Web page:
“Look to your left. Look to your right. Two of you won’t be here next year.” Some older folks may recall these words, spoken by a college dean to first-year students at orientation.
A St. Helena student recently told me that his science professor has a coffee cup with the words, “This cup is filled with the tears of my students.”
The message in both instances is that students are either ready for college or they are not; if they fail, their failures are theirs and theirs alone. However, rather than asking are students “college-ready,” more campuses are working harder to be student-ready.
Today, one in three students drops out of college, leading parents, legislators, and taxpayers to question the value of their investments. Byron White writes, “Higher education institutions must abandon a paradigm that allows them to deflect accountability and embrace the burden of being student-ready.”
UC Berkeley Professor K. Patricia Cross, observes, “The task of the excellent teacher is to stimulate ‘apparently ordinary’ people to unusual effort,” adding, “The tough problem is not identifying winners: it’s making winners out of ordinary people.”
Harvard, Stanford, or Yale graduate 95-98 percent of the students they enroll. However, it’s not news that these campuses almost exclusively admit students who are already academic superstars. As a former Stanford colleague once told me, “All we have to do is get out of their way!”
Nearly 40 years ago, Dr. Alexander Astin, a distinguished UCLA professor and researcher, concluded that true educational excellence is a measure of the extent to which a college increases students’ intellectual and personal development and makes a positive difference in their lives.
Arizona State President Michael Crow is among a growing number of leaders who endorse Astin’s “value added” view of excellence in writing, “The New American University measures quality by the educations its students receive,” rather than by their entering grades and test scores.
Dr. Patricia Stanley, the first U.S. Deputy Assistant Secretary for Community Colleges, echoes this sentiment is declaring, “Community colleges care less about who we enroll and more about what happens to students as a result of their having been with us.”
As emerging adults, students certainly must accept responsibility for their own successes or failures. However, institutions, especially faculty members, also bear individual and collective obligations for student achievement or lack thereof.
In the next months, students and their families will be deciding which colleges or universities to attend in fall 2019. My advice is to ignore glossy view books, clever videos, and look beyond US News & World Report’s lists of “America’s Best Colleges.” Among the most important questions to guide decision making: “Do students like me succeed and graduate from here?”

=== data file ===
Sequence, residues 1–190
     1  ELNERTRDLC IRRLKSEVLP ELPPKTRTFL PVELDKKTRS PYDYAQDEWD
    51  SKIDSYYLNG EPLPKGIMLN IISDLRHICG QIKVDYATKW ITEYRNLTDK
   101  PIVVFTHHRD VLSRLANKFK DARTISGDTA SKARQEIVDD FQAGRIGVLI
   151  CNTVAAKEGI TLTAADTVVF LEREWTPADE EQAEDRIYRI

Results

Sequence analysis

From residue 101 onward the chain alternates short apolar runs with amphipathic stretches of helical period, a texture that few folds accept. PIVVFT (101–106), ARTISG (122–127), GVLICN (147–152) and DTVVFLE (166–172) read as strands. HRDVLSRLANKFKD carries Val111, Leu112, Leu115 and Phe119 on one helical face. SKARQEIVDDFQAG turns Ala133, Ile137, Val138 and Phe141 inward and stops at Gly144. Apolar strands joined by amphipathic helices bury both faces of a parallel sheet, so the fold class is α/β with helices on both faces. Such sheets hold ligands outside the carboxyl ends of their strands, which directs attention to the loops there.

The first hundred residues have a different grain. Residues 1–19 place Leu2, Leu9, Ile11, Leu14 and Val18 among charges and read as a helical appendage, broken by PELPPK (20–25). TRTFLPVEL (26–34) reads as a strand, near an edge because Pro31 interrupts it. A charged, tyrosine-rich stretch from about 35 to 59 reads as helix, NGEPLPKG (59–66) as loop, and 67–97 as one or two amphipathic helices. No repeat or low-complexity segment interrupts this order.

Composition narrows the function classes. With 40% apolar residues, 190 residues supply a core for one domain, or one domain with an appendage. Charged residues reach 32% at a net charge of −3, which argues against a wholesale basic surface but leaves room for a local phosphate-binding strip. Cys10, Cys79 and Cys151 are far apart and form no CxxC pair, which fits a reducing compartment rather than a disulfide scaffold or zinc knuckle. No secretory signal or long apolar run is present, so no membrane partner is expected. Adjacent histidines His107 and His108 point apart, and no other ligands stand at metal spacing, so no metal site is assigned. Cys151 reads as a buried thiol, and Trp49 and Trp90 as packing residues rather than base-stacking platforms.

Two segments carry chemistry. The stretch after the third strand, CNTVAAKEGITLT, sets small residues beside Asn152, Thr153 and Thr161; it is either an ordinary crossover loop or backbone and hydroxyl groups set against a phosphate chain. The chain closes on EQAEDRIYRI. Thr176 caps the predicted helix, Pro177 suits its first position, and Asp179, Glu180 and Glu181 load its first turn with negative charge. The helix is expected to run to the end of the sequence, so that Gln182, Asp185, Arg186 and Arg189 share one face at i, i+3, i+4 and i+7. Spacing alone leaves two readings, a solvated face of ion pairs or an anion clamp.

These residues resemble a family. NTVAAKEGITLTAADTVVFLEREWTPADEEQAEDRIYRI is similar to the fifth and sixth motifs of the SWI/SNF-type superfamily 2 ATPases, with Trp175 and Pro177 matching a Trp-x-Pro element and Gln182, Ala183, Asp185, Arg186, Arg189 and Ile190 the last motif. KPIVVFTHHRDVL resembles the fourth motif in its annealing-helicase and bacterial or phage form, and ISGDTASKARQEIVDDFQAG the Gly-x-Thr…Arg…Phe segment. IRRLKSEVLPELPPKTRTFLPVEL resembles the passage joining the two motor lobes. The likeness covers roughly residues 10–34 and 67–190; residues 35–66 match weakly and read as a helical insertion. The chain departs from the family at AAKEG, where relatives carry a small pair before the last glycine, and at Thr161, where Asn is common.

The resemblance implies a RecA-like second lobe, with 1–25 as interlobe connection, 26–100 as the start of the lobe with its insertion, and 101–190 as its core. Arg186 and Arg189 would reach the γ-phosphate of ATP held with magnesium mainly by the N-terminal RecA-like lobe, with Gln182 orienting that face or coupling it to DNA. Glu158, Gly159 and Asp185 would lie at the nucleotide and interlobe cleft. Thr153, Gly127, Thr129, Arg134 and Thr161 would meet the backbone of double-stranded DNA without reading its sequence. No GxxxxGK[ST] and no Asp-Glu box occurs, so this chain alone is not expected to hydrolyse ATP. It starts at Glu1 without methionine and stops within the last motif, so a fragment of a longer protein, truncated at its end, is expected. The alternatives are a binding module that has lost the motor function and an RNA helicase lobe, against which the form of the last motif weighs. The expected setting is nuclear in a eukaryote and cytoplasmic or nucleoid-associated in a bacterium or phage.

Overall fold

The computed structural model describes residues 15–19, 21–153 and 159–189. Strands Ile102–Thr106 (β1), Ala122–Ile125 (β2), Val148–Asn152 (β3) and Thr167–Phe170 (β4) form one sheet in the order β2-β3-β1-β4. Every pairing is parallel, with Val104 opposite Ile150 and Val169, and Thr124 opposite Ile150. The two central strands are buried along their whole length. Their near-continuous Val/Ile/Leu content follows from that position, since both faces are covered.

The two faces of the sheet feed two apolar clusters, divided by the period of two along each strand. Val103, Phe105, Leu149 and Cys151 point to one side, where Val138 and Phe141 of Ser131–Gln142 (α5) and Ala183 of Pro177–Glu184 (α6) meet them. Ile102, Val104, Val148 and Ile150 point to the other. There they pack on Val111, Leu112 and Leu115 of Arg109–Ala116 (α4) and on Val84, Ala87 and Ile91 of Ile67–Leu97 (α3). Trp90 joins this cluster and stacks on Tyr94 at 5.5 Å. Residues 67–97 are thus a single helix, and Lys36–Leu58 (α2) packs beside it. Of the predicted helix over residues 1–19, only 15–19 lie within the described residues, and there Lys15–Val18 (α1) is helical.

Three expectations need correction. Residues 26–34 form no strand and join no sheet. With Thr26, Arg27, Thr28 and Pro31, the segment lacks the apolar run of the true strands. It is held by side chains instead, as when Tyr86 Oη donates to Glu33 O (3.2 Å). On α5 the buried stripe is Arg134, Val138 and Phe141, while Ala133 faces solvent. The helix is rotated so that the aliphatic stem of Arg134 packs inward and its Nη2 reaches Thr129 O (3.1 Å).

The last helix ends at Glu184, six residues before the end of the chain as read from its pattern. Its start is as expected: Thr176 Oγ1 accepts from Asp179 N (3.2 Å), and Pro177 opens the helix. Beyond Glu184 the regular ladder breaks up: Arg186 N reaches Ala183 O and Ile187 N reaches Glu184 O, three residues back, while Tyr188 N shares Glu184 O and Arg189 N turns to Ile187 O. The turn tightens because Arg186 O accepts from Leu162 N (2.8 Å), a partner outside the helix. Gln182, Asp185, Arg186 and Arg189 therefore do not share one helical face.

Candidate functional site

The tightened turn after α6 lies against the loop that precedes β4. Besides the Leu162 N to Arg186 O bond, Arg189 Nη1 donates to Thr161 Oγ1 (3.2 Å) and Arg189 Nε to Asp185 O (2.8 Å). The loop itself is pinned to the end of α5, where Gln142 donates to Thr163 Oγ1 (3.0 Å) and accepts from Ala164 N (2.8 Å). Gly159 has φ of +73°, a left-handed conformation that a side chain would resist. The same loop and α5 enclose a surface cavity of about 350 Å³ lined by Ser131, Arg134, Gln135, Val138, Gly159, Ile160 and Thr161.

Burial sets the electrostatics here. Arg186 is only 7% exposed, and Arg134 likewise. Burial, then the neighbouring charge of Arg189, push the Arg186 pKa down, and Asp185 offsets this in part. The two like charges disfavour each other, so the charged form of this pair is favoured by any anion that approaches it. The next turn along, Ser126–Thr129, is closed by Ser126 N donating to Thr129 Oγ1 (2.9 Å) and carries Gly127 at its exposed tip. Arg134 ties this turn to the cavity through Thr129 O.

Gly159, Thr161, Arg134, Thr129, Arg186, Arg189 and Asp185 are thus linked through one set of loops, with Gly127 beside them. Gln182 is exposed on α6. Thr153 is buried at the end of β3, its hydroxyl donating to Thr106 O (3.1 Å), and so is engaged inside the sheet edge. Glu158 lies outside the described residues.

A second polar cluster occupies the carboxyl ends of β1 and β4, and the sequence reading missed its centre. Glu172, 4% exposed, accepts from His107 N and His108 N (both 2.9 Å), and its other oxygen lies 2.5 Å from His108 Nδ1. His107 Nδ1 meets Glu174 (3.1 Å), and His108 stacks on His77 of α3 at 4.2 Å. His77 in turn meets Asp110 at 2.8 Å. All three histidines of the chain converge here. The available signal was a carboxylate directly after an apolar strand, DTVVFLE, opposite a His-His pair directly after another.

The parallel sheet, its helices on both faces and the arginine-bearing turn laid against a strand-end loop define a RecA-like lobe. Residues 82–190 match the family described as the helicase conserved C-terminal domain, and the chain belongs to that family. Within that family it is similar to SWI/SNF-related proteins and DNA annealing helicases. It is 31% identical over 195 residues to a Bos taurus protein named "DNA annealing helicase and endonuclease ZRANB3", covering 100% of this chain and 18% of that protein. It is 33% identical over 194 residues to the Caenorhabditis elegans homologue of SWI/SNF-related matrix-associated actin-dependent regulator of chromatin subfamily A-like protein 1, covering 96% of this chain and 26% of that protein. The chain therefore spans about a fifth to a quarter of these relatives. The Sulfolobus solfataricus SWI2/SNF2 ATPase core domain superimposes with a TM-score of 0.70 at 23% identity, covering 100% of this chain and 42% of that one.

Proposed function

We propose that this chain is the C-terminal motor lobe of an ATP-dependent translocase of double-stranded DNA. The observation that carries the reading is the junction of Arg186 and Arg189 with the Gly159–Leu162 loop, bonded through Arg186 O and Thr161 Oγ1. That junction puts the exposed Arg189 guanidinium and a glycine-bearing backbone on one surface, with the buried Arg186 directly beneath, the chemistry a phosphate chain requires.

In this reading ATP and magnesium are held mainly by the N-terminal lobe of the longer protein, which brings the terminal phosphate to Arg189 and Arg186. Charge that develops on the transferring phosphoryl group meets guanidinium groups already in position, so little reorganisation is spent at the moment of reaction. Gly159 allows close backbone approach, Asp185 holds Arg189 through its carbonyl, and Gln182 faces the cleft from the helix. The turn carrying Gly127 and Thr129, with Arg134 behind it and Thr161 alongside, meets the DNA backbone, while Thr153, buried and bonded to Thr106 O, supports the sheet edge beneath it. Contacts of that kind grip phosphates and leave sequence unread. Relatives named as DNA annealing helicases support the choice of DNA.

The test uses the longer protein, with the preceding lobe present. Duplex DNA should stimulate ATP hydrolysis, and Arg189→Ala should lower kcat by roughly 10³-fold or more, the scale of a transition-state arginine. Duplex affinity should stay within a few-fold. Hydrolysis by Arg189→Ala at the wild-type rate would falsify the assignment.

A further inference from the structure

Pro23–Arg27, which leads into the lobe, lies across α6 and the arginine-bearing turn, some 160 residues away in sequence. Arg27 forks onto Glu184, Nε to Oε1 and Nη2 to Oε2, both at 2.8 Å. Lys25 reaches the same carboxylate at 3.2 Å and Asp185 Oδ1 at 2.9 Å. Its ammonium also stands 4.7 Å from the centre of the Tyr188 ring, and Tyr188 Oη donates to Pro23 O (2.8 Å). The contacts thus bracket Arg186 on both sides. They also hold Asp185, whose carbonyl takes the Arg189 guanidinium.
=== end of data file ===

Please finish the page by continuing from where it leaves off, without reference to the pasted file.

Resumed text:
For example, how many students graduate who are the first in their families to attend college, have physical or learning disabilities, or are veterans? How many women or students of color achieve their goals in Science, Technology, Engineering and Math (STEM) fields?
While responses to these questions should be available from campuses, some answers can be found at College Results Online: http://www.collegeresults.org/. This website provides information on graduation rates and also allows users to compare data for a group of colleges.
Some institutions are more effective than others in helping students from a wide range of abilities and backgrounds succeed. Many of these campuses offer support programs and services for students who are first-generation, have disabilities, are undecided about majors, LGBTQ, or have other background factors that put them at greater risk for dropping out before achieving their goals.
In my years as a dean, I encountered outstanding students as well as those with low SAT scores and/or average high school grades. Many so-called “at-risk students” went on to become attorneys, businesspersons, college professors, health professionals, Oscar winning actors and more. In every instance they found a professor, advisor, or mentor who supported, challenged believed in, them.
Thich Nhat Hanh, a Vietnamese Buddhist monk who Martin Luther King Jr., nominated for the Nobel Prize, proclaims, “There are within each of us the seeds of who we might become.”
Students need colleges with educators who give them reason to hope and trust that they can succeed through commitment, determination, and HARD WORK. Students need campuses where they will have the seeds of their goodness watered; places that will empower them to grow and achieve their highest potential. These are truly excellent institutions — laser focused on student success.